But, to give you an example of how I view the situation, I wouldn’t offer Chris the Cerebus covers to do as a colour volume. Even though there is a market for it and Milo George (Fantagraphics no less) suggested that he thought it would be a great book. I don’t trust Chris to that extent as a publisher, even though I really want Drawn & Quarterly to be a success. The fact that it took me over a month and several phone calls to give the guy a free back cover ad -- well, that just didn’t sound like an on-the-ball publisher to me.

I also get resentful on your behalf that Crumb cost Chris all of this money (however indirectly) and you generated all this money (and attention!) and there still doesn’t seem to be any great outpouring of anything in your direction.


From "Dave Sim's Collected Letters 2004", a Cerebus Archive Kickstarter reward.

Friday, 12 May 2017

Weekly Update #182: A Professor Calls (& Still Even More Colin Upton!)

This week featuring:

Thursday, 11 May 2017

La Danseuse Marvellieux

A few years ago I scanned all of Dave Sim's notebooks. He had filled 36 notebooks during the years he created the monthly Cerebus series, covering issues #20 to 300, plus the other side items -- like the Epic stories, posters and prints, convention speeches etc. A total of 3,281 notebook pages detailing his creative process. I never really got the time to study the notebooks when I had them. Just did a quick look, scanned them in and sent them back to Dave as soon as possible. So this regular column is a chance for me to look through those scans and highlight some of the more interesting pages.

We've looked at Dave Sim's notebook #17 only twice previously. First in March of 2015 in Bang Bang SMASH and then in April 2015 in Mrs Thatcher. The notebook covers part of Jaka's Story, Cerebus #127 - 135 and of the 80 pages in the notebook, 72 of them were scanned. So far we've never seen the cover.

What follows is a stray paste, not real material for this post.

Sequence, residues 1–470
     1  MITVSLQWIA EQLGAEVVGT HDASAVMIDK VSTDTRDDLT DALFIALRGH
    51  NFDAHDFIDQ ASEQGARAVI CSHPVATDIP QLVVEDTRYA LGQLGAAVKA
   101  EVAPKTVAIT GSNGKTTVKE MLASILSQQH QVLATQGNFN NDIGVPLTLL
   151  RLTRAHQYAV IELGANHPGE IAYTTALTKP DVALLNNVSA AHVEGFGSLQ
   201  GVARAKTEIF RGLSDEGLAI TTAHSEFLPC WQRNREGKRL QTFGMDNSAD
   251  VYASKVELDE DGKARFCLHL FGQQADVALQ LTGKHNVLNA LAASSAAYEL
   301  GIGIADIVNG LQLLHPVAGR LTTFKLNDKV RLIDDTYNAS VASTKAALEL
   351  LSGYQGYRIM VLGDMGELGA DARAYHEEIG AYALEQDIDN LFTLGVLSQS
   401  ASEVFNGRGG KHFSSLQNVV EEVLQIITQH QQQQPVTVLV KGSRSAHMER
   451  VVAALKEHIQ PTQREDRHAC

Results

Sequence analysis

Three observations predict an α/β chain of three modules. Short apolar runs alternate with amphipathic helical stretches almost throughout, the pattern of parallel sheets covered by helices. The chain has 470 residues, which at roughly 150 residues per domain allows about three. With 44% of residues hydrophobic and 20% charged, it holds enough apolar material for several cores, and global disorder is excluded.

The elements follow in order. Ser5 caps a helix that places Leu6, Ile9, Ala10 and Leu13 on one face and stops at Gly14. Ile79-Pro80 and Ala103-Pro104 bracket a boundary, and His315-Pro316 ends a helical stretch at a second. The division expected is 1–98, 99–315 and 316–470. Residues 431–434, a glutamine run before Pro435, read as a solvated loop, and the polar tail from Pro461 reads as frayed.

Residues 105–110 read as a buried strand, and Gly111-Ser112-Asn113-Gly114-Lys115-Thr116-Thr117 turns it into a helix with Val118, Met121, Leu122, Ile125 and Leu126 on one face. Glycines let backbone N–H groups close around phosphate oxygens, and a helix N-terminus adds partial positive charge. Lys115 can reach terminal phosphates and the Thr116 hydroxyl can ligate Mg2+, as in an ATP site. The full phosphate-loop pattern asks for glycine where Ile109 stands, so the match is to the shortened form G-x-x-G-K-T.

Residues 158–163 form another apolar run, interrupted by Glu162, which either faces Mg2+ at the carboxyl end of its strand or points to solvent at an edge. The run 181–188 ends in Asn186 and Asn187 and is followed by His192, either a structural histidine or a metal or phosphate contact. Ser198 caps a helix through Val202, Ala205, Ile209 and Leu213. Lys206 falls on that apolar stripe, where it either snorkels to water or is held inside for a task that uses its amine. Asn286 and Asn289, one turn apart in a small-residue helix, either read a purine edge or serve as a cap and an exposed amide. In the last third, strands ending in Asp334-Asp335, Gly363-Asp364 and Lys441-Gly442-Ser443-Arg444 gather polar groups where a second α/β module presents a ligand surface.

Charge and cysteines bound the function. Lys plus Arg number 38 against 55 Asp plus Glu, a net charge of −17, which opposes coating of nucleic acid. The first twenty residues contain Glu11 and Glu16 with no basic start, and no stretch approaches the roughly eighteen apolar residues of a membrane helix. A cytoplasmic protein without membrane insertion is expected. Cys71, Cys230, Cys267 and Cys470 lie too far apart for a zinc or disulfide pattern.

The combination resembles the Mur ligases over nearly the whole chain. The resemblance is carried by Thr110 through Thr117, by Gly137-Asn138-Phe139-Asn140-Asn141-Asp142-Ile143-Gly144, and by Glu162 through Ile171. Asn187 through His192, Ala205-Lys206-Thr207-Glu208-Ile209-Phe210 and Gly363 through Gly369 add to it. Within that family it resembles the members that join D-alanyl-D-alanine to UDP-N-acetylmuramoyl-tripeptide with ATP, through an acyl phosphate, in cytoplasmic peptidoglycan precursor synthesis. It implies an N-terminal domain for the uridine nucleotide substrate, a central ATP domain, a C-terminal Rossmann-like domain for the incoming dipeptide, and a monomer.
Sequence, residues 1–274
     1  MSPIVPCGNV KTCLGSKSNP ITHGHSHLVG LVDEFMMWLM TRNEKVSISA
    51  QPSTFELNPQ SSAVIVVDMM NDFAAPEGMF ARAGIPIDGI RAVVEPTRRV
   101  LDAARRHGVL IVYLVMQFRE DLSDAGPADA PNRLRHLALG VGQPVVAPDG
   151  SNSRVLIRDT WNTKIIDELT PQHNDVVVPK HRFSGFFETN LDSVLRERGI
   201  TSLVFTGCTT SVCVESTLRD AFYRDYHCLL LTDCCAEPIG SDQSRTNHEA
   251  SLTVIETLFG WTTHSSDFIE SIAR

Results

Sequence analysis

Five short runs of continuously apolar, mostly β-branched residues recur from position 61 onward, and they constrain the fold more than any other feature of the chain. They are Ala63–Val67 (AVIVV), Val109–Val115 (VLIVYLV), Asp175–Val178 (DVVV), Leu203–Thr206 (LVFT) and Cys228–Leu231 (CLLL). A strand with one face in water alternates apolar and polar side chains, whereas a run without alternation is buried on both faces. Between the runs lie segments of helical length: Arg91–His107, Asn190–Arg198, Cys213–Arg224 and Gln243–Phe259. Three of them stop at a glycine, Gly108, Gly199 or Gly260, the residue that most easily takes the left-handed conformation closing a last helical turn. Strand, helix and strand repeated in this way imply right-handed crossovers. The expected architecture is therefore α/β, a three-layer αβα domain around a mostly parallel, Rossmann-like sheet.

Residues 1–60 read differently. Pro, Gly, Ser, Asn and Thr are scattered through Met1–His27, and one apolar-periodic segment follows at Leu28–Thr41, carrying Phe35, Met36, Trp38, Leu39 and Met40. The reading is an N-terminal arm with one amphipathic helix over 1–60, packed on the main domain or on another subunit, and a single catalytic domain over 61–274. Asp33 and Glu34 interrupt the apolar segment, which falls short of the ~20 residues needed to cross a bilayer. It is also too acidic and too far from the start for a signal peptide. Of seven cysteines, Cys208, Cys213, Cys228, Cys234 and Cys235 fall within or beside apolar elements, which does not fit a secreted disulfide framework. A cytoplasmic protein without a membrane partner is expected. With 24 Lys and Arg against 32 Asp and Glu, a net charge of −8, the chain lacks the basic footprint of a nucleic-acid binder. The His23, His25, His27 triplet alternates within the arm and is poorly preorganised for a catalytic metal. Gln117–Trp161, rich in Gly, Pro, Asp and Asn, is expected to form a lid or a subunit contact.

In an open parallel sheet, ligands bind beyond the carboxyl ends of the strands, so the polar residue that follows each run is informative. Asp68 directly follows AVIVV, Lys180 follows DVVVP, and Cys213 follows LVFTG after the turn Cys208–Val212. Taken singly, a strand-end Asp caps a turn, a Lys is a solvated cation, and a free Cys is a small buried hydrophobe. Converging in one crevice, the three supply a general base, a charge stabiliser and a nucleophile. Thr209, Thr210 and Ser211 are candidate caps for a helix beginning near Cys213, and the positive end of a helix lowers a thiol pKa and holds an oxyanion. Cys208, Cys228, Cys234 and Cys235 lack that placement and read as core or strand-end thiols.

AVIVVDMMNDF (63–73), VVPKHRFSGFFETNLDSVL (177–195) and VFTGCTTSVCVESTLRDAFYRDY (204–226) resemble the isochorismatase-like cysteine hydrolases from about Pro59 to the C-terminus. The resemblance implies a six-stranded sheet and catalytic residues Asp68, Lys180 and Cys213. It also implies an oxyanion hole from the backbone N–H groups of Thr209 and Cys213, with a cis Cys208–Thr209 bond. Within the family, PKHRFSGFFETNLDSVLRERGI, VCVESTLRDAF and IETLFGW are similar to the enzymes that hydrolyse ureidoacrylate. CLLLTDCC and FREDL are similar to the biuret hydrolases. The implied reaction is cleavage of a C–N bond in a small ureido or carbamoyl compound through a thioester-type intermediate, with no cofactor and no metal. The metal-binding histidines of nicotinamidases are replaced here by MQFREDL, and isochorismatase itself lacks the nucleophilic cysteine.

Notebook #17, front cover
Yet another Hilroy. Red cover this time.

Starting with page 20 there are 6 pages of outline and some thumbnails for issue  #129. Page 23 had very rough thumbnails for pages #14 through 19. The pages show the where Jaka's full page figure would be placed along with the panels for the page.

Notebook #17, page 23
There is a second page 15 thumbnail has with a box in the second to last panel and a 'wahooooo' in the last panel. That matches page 15 of Cerebus #129, or page 327 of Jaka's Story. On the final two panels of that page we see the outside of the Pud's tavern and then we hear the 'whooooo' of the elder bar patron.

Below the thumbnails there is some dialogue from Oscar in French Lower Feldan: "Bon Soir! Bon Soir! Bon Soir a la danseuse marvellieux au point d'ignorer sa eclatant." Perhaps I'm misreading what Dave wrote, as google translate gives me this in English: "Good Evening! Good Evening! Good evening has the marvelous dancer to the point of ignoring her dazzling." I don't see that dialogue in any of the issues around 129, nor in 129.

Below that Lower Feldan is the script for pages nineteen and twenty. Which actually matches up pretty closely with the finished page. Though there are one or two bits that weren't used.